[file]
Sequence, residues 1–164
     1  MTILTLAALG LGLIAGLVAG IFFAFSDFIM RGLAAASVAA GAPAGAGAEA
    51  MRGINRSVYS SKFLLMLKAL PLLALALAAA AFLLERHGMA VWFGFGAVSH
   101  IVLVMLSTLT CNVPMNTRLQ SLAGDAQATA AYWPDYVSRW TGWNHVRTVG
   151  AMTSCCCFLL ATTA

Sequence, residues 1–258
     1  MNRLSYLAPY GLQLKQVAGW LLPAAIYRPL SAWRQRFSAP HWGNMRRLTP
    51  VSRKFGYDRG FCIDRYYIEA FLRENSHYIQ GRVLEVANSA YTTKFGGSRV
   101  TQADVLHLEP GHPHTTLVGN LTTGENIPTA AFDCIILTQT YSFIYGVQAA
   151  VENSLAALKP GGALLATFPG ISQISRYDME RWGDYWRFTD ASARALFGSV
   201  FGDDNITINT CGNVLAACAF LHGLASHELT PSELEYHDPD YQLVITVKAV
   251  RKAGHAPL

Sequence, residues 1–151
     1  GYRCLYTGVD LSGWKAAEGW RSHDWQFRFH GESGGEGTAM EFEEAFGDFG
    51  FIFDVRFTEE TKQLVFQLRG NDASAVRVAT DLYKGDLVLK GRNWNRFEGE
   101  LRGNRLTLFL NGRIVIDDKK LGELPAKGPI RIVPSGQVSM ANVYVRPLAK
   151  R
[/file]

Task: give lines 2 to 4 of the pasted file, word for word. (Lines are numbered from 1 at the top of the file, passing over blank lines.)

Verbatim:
     1  MTILTLAALG LGLIAGLVAG IFFAFSDFIM RGLAAASVAA GAPAGAGAEA
    51  MRGINRSVYS SKFLLMLKAL PLLALALAAA AFLLERHGMA VWFGFGAVSH
   101  IVLVMLSTLT CNVPMNTRLQ SLAGDAQATA AYWPDYVSRW TGWNHVRTVG